New Developments in Big, Open Access Data for Dementia
News Jun 19, 2014
This was aligned with the official launch of the MRC’s UK Dementias Research Platform (UKDP)announced by Secretary of State for Health, Jeremy Hunt, at the first Global Dementia Legacy Event held in London.
Imperial College London researchers are heavily involved in the UKDP big data initiative, which joins together ongoing studies across the UK to provide a research population approaching nearly 2 million people. They are also playing an important role in the largest of the contributing studies – the UK Biobank - which has recently started collecting imaging data on 100,000 participants, including scans of brains, hearts, bones and blood vessels.
Data from UK Biobank will be open access, allowing researchers from anywhere within the UK to tap into this vast resource. When possible, data from other studies in the UKDP will also will be made open access, promising a uniquely powerful way of enabling new discovery.
Dr Craig Ritchie from theDepartment of Medicine, Imperial College London who is on the UKDP steering committee said: “This really is a game changer in dementia research and will be a phenomenal resource to answer the big questions. It will enable the research community to move seamlessly between different levels of data, which simply could not happen if we worked in our own separate research groups and areas. By involving major players in the pharmaceutical and biotechnology industries, the platform will accelerate discovery of new treatments and interventions and allow the UK to take a leading role in the design and delivery of programmes to stop the progression of dementia.”
The UKDP is a public-private partnership that brings together top academic knowledge and cutting-edge technologies. The 22 studies that fall under its information umbrella will provide a research population approaching nearly 2 million people to evaluate dementia risk. Bringing this data together will allow researchers to scale up individual studies to explore their significance in larger populations, and also to drill down into more specific data that is only available in smaller samples. For example, if researchers want to investigate dietary links to dementia at a population level they can investigate the biologically possibility of this in a smaller study with specific genetic data.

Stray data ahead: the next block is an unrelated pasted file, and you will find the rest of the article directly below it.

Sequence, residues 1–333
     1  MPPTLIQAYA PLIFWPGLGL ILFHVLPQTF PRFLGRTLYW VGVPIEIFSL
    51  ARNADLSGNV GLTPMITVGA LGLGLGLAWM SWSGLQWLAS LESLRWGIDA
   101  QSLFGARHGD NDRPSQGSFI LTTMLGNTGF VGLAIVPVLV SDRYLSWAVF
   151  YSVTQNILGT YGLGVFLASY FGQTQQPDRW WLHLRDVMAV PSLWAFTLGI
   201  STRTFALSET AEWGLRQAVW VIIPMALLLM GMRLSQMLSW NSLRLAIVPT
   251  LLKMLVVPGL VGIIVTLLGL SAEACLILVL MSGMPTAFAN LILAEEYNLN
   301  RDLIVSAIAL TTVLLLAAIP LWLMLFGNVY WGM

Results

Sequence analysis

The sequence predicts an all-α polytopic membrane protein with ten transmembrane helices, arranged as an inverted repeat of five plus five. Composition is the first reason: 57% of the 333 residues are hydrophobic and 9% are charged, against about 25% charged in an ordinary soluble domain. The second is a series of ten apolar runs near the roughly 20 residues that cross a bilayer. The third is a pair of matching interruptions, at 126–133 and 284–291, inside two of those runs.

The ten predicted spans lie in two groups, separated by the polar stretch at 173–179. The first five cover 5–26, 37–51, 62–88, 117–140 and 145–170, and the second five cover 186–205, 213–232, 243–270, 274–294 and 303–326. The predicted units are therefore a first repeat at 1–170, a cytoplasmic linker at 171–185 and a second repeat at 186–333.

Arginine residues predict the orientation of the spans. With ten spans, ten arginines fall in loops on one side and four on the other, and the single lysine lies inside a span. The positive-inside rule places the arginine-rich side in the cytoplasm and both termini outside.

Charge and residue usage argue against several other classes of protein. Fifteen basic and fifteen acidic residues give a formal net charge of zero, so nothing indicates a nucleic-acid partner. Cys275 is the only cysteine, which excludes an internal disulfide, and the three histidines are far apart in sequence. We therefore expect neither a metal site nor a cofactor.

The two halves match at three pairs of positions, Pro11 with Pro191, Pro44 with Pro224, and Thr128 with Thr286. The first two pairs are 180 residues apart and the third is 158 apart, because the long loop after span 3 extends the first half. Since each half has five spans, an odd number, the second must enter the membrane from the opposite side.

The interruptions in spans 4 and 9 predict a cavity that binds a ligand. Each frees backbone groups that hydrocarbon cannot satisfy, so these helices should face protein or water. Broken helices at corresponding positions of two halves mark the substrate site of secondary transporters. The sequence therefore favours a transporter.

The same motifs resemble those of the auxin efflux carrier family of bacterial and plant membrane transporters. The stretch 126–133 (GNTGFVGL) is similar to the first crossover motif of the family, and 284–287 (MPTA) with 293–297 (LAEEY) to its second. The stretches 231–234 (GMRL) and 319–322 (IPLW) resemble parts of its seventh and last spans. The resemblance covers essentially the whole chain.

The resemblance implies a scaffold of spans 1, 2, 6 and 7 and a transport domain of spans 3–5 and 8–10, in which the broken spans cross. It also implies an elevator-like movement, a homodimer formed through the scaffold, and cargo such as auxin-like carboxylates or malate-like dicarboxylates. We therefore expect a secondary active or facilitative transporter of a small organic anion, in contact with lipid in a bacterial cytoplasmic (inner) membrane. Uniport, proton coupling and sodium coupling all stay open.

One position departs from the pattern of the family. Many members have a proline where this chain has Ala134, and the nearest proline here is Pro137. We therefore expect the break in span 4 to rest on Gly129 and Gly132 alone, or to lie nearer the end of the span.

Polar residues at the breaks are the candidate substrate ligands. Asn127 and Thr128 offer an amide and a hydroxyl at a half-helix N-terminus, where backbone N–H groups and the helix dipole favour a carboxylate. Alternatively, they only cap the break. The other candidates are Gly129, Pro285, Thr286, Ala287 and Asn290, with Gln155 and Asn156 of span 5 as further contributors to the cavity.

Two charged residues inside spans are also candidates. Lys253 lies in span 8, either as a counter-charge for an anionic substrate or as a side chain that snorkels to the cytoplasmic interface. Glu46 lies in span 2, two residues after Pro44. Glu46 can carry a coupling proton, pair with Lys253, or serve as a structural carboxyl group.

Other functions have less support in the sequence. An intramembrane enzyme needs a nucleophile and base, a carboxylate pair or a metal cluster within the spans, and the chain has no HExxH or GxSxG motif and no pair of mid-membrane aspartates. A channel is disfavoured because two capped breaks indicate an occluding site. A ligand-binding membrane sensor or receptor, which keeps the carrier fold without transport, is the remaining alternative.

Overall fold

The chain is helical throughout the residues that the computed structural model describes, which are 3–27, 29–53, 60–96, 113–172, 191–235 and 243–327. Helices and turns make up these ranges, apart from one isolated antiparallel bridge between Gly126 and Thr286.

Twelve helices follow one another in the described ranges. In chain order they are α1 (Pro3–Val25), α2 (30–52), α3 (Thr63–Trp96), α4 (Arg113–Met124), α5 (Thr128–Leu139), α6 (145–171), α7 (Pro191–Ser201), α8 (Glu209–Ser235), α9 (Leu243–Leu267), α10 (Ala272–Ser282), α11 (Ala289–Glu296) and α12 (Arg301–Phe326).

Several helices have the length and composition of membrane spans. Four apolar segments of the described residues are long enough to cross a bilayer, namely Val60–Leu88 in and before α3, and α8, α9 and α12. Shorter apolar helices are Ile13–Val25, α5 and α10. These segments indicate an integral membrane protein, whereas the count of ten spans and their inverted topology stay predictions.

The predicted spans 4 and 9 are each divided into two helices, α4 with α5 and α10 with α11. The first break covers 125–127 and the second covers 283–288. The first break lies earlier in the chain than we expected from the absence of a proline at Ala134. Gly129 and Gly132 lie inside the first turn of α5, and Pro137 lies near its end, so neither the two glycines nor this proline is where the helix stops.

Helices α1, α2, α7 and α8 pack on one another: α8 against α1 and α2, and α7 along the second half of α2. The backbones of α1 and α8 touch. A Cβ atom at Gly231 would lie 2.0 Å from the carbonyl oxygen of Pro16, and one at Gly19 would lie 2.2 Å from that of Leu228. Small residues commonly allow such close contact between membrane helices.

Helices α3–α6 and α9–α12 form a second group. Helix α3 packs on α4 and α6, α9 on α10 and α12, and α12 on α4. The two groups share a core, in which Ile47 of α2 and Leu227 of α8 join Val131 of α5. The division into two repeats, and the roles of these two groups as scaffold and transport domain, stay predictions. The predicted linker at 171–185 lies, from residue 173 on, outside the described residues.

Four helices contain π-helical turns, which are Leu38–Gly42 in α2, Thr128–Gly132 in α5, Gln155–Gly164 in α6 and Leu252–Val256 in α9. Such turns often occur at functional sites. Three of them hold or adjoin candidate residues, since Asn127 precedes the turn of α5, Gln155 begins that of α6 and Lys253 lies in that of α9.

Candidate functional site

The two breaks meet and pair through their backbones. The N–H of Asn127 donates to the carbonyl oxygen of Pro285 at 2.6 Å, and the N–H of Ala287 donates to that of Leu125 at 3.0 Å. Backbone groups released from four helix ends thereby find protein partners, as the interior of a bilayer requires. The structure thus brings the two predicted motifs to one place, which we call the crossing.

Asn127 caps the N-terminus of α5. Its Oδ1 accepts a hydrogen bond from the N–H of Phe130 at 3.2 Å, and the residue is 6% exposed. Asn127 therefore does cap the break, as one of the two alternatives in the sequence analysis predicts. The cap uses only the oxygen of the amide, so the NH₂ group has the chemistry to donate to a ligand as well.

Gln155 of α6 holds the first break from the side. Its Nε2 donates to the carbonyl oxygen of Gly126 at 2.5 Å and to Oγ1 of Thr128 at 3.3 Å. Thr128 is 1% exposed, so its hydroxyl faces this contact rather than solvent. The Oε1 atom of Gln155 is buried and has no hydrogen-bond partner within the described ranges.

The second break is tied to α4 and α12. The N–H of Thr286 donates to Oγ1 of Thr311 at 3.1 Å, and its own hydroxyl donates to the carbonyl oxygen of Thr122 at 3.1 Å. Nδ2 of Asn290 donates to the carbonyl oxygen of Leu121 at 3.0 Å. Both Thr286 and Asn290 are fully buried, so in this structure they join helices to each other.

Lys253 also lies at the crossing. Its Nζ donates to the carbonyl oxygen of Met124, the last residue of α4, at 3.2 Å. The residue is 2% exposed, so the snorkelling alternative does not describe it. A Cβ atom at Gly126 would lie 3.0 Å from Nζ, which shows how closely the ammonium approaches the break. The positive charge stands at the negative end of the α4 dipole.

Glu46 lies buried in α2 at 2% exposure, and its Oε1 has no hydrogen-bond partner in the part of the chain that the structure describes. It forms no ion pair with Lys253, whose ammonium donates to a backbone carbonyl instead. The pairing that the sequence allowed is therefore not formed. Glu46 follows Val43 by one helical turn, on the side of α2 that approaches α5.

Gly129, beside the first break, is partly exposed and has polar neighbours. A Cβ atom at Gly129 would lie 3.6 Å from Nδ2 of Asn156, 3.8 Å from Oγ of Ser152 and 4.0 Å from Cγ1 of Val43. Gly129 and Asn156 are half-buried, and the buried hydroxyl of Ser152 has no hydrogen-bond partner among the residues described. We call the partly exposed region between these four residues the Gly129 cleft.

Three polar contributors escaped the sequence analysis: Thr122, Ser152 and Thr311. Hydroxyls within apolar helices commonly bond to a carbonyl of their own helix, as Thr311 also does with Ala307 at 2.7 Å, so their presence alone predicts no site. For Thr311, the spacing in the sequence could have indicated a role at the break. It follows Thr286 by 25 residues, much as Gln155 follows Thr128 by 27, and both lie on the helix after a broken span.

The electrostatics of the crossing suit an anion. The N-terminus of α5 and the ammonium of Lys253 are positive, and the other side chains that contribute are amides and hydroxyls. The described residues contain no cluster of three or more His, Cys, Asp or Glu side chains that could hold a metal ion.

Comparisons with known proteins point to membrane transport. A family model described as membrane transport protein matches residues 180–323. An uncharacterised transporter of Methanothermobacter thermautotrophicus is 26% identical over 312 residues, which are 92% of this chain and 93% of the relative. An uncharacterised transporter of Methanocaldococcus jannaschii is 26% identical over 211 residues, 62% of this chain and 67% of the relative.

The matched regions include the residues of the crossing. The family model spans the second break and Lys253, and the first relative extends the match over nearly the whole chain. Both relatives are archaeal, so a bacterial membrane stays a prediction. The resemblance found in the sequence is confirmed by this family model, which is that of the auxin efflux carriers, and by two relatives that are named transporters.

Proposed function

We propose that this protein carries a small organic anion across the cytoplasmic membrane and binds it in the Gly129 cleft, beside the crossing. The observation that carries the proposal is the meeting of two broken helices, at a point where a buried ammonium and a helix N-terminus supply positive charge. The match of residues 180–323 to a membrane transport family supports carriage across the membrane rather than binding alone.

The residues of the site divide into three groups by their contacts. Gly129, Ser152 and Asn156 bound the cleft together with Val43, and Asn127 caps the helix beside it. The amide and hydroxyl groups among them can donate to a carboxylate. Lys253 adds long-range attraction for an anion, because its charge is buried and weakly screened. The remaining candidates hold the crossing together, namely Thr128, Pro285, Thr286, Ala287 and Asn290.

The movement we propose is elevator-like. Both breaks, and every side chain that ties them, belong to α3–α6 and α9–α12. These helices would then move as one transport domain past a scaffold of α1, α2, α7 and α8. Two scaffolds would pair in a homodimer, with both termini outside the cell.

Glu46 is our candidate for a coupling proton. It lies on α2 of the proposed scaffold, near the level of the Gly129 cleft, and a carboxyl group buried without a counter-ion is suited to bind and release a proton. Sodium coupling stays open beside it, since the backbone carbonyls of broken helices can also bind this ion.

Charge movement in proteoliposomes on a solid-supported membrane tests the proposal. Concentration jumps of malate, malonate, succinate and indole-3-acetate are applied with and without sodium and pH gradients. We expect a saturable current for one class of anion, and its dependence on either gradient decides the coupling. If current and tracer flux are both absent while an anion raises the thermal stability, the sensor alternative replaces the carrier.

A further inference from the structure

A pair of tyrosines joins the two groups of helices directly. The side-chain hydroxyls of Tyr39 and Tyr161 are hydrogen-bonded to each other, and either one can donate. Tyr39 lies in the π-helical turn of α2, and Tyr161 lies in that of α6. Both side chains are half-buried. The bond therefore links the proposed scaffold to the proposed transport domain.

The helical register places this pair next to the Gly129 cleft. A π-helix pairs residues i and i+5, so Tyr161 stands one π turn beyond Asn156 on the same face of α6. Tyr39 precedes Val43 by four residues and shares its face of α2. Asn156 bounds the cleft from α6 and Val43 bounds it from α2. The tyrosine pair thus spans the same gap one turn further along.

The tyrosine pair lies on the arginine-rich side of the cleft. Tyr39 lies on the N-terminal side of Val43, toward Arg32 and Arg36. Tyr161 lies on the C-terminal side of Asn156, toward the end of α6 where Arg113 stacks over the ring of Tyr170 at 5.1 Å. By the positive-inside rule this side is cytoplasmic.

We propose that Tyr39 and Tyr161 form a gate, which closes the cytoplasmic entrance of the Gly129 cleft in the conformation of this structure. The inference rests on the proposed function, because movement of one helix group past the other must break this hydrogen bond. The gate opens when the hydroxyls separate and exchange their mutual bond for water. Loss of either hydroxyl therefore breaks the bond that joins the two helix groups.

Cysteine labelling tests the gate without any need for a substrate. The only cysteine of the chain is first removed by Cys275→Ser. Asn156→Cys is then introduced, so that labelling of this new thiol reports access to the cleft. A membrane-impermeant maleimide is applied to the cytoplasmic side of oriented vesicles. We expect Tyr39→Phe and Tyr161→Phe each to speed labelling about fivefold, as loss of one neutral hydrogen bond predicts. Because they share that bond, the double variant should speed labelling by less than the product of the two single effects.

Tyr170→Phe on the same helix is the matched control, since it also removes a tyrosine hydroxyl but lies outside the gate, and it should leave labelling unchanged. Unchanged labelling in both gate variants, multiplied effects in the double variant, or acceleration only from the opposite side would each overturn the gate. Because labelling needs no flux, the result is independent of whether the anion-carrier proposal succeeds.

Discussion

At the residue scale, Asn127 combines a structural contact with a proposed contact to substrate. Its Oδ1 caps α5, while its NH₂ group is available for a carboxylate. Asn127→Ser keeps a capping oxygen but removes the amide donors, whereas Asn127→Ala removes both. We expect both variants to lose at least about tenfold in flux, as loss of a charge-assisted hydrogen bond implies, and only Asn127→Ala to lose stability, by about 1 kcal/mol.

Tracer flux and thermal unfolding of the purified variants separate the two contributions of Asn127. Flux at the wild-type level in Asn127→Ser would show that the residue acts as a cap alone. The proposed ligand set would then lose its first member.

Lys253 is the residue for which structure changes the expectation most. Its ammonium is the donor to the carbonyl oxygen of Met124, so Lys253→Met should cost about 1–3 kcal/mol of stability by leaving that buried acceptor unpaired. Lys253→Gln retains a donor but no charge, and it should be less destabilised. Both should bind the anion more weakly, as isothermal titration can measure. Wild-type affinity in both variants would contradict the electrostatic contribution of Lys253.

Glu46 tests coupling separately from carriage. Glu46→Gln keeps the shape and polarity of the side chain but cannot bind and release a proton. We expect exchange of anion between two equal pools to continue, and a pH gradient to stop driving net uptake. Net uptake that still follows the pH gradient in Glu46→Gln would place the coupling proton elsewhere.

Amongst the 22 studies are the Imperial College London CHARIOT project (Cognitive Health in Ageing Register: Investigational, Observational and Trial studies in dementia research) which is a register of over 20,000 elderly people and PREVENT which is an ambitious pilot project into mid-life to try to identify biological markers of the disease.
The UK Biobank will be the largest project under the new UKDP data umbrella. This was launched to collect a range of health data on 500,000 people. One of its several goals is to understand the course of Alzheimer’s over time. In May, the UK Biobank launched the world’s most ambitious research imaging programme that will collect brain, heart, blood vessel and bone scans from 100,000 participants. Scanning has begun in a single centre that is rapidly increasing its numbers, setting the ambitious goal of performing 18 full sets of scans and associated clinical examinations per day by September.